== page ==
Scheduling

So, yesterday’s post was about scheduling, and I broke my schedule yesterday (although I may make a refinement of it to allow for Wednesdays).  As far as things go, yesterday was a four-checkmark day when I was done, which is good enough. It just wasn’t the checkmarks I’d planned on.  Add that to a bout of self-doubt and feeling like a fake/failure last night, and I’m not excited about how my day went.  So today, I need to be productive and get the wheels back on the road.

So we’ll start with one of the things I didn’t do yesterday, namely: write about my schedule.

I admit I do very well with a regimented day.  I’ve got a morning routine that gets everything done and me out the door (or I did, anyway).  I had a rhythm to my day, and that helped.  Since I worked in a job that was very flexible in its duties, there were a lot of varied things to be working on, and having a schedule helped me to focus on which ones I’d be working on, and set aside certain parts of the day for that. It didn’t always work, as I also had to respond to emergencies or support calls, and those can’t be scheduled. (I.T. WISHES!)

When I was unemployed the last time, I didn’t have a schedule, and I also got very depressed, so I slept a lot.  And my schedule rotated around. If I didn’t have my family and my time obligations with them (date nights, gaming nights, that sort of thing) then my schedule would have been worse. I still have that kind of structure, but I can do better.  As I wrote, on Sunday I sat down and wrote down four major projects.   Then I broke them down some into larger tasks, and the closer in tasks got broken down some more in to check-mark worthy chunks.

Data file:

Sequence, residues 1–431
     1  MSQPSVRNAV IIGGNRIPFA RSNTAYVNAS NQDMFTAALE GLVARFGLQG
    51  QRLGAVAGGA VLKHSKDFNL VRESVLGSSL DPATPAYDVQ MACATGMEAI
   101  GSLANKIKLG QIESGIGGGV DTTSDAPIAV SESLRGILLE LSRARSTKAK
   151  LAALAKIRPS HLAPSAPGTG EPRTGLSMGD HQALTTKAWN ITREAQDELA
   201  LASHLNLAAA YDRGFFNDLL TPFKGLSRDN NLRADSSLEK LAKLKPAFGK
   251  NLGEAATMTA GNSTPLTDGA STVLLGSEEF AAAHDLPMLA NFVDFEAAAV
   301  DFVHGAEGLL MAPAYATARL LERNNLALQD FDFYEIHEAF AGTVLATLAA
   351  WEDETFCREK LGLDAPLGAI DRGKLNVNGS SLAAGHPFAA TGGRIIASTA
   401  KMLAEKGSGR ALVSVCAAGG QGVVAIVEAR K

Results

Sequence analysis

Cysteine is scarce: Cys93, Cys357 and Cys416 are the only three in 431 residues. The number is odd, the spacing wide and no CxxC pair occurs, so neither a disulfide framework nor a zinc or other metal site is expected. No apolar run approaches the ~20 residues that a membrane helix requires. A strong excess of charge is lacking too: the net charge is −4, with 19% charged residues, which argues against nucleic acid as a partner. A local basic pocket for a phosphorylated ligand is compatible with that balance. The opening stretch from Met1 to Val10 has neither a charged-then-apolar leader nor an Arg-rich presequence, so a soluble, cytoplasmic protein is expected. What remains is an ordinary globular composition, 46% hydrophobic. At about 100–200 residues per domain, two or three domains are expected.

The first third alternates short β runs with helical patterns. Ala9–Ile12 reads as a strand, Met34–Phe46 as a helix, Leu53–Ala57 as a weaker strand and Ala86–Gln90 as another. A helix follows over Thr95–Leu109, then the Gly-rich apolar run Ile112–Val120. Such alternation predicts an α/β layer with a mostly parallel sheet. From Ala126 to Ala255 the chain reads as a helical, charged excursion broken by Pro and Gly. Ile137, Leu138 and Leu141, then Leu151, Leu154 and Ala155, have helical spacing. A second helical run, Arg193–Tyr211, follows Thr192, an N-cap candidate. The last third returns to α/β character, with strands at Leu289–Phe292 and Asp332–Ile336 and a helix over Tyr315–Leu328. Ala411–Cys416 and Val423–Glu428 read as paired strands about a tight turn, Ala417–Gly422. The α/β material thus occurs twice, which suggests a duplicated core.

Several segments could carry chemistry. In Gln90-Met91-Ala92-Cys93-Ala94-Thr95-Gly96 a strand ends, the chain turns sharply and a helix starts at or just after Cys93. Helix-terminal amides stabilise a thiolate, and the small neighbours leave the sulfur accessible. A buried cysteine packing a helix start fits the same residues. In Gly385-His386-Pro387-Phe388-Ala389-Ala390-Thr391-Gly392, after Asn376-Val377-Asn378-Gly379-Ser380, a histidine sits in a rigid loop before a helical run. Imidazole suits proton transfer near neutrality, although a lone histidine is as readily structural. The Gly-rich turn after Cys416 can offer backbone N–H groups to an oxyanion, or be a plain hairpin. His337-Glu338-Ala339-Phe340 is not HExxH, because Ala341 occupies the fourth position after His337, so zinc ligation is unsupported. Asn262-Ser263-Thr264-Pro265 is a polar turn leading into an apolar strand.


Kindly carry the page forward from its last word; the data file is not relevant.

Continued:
I changed my alarm from 5 to 6, since I don’t have a morning commute anymore.  My commute was the one time I regularly walked (to and from bus stops), so I added in a morning walk, which I still need to figure out how long it is. After that, I shower and get dressed. A mundane element of my schedule, perhaps, but it means something to be clean and to be dressed.  It means I’m not just lazing around, and I’m here to do some work.  Breakfast is in there as well (still finding it’s best spot, and with the dotter starting school this may be a bit flexible for now).

Then I sit down at my task lists on Any.Do and I decide which things I’m doing every day. I’ve got coding, writing, and job-finding tasks I can do at my computer, and a house-cleaning task for each day which also needs to get done. Today, for instance, I’m pulling the couch out and going on an archaeology mission. I mean, cleaning out from under it.  But more on cleaning tasks later.  They are an important part of the depression-fighting, though.

Hopefully by 3 or 4 o’clock, I’ve gotten 4-5 check-marks.  Then I can assess how I’m feeling: Am I almost done with a task? Am I at a good stopping point? Is there anything urgent that still needs doing?  Whose cooking dinner? At that point, I can unwind — I’ve probably been working for 8-9 hours at that point, so it seems fair.  That leaves my evening open to relax, recharge and focus on my family.  Yesterday, I did that part in the middle of my day, and came back to it later and got one or two things done.  That might be okay, but it’s much harder to relax during those times that I haven’t quite finished yet — as there’s always the chance I won’t get them done.

The other reason that that afternoon review is important is that part of this isn’t just getting things done, but me knowing and acknowledging that I got things done.  One of my goals is keeping my spirits up and depression at bay, and you can’t do that unless you keep self-aware of what is going on.